Mobility is a good thing. As mobility increases, so does our standard of living. Mobility expands job opportunities, enriches our personal life, and boosts prosperity. For nations, mobility expands trade, creates wealth, and makes countries more competitive. Mobility even helps us live longer. For hundreds of years, life expectancies hovered around 40 years. During the 1800s they began to shoot up when road transport improved. Today life expectancies in many advanced societies approach 80 years thanks to improved mobility in transportation, communications, and network computing. How can we use structured innovation to create more of it? How can we make the products and services we use every day more mobile? For this month's LAB, we will use the Division Template. We begin by listing the product's (or service's) internal components. Then we divide one or more of the components in one of three ways:
November 30, 2009

Innovation Sighting: Social Innovation Using S.I.T.

How do you get people to be more socially responsible? Here is an examples that demonstrate the use of Task Unification, a template from the corporate innovation method called S.I.T.:
February 20, 2010

The LAB: Innovating an Aquarium Using S.I.T. (February 2010)

There are a 183 million pet fish in the United States, more than double the number of dogs. Fourteen million U.S. households have fish. During the past decade, the pet fish category grew by more than 20% making it one of the fastest growing in the industry. For this month's LAB, we will apply the corporate innovation method, S.I.T., to the mainstay of fish keeping - the aquarium. Here are five unique aquarium concepts invented by one of my graduate students, Janette Douglas, at the University of Cincinnati as part of her final exam in "Applied Marketing Innovation." For the this exam, each student was given a product randomly. They had three hours to create new-to-the-world concepts and demonstrate proficiency using each of the templates.
March 8, 2010

Innovation Sighting: The Division Template on a Cell Phone

LG Electronics is getting ready to announce their third annual Design the Future Competition. Last year, more than 800 entries were submitted by consumers with their take on the future of mobile communications. The winning entry is the focus of this month's Innovation Sighting.
March 29, 2010

Academic Focus: The Jerusalem Business School

What sets innovative products and services apart from others? Common sense would suggest they have unique and unusual characteristics that make them very different than all the rest. Furthermore, if you wanted to study innovative products and services to learn the hidden secrets they hold, you would try to identify those different and original attributes. But just the opposite is true. A very high percentage of successful new products launched each year follow the same set of patterns. Innovative products are more similar than different from each other. If you can identify these patterns and overlay them onto your products and services, you should be able to innovate in a predictable, templated way. THAT is the essence of the corporate innovation method, S.I.T..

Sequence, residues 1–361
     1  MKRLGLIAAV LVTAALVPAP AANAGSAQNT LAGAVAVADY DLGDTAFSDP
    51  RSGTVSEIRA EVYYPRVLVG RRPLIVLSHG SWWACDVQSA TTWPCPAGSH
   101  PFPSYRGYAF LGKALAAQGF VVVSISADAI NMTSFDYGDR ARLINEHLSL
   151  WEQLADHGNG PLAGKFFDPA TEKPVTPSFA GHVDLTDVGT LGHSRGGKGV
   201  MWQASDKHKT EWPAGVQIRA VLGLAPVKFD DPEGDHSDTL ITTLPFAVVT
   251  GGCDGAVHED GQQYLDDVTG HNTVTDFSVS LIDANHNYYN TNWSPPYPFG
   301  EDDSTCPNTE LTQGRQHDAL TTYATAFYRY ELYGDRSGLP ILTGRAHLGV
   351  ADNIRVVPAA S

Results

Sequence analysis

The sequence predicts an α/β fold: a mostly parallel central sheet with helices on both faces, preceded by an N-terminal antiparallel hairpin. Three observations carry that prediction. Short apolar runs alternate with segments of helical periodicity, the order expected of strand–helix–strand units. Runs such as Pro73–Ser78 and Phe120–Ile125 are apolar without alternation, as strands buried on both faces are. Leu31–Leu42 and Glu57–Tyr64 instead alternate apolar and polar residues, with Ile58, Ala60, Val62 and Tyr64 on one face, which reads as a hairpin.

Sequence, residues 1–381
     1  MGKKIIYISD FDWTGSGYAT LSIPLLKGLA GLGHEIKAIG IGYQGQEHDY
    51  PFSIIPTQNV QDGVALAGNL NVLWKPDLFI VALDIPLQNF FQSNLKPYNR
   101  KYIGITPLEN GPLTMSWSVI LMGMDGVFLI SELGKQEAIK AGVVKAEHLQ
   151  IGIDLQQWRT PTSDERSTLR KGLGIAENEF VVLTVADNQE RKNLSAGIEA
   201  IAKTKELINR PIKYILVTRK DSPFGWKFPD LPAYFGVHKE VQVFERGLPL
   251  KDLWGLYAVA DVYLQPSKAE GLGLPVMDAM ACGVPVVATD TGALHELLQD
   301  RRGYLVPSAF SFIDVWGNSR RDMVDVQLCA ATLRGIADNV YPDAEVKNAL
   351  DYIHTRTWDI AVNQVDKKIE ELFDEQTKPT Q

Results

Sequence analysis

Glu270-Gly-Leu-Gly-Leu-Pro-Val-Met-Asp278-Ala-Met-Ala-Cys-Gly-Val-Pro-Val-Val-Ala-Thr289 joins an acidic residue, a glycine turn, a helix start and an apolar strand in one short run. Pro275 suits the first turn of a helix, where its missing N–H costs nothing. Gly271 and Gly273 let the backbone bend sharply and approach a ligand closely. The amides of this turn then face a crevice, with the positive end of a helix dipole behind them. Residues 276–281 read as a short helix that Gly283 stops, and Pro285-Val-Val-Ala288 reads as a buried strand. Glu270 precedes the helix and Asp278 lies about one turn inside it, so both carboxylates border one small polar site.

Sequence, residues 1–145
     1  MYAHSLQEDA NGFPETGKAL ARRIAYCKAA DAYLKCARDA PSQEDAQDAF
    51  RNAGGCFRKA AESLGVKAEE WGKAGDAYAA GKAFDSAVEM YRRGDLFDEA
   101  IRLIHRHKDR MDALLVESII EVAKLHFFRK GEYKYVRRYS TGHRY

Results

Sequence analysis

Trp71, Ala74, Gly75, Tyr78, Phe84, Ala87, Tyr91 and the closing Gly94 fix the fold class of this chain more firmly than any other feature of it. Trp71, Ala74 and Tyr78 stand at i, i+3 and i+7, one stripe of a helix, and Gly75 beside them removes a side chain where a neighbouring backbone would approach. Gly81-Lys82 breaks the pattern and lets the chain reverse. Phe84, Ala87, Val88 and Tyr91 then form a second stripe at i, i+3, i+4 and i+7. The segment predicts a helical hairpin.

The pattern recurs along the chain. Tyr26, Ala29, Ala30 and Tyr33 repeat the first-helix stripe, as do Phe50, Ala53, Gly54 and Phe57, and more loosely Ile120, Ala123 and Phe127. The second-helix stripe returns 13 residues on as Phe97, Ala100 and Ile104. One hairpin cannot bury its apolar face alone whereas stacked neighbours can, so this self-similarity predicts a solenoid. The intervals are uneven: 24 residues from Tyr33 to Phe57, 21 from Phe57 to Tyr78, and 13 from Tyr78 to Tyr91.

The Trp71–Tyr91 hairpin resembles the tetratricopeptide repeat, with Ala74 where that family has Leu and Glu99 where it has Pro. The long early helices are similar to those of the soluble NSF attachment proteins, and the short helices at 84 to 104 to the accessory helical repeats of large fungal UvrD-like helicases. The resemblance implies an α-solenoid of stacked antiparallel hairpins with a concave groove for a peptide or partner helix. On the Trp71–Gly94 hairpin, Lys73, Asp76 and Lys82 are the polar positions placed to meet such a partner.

April 26, 2010

The LAB: Innovating the Wedding Invitation with S.I.T. (April 2010)

Over 2 million couples marry every year in the U.S.. This fuels the $50 billion dollar wedding industry. In an industry that prides itself in tradition, companies must innovate new products and services within those traditions if they want to grow and prosper. For this month's LAB, we will use the corporate innovation method, S.I.T. to create new-to-the-world ideas for wedding invitations. Here are five unique ideas from graduate students* at the University of Cincinnati taking the course, "Systematic Innovation Tools." They constructed a hypothetical "Dream Catalog" of these ideas for a local start-up design company. Listed with each innovation is the specific innovation template the team used to create the idea. You can download this and the other Dream Catalogs here.
May 3, 2010

Innovation Sighting: Double Down – Two Innovation Templates in One Bite

Here is an example of two innovation templates in one product. The Double Down sandwich from KFC removes the traditional bread slice (demonstrating the template, Subtraction), and it assigns the additional job of "sandwiching" to the two slices of fried chicken (demonstrating the template, Task Unification).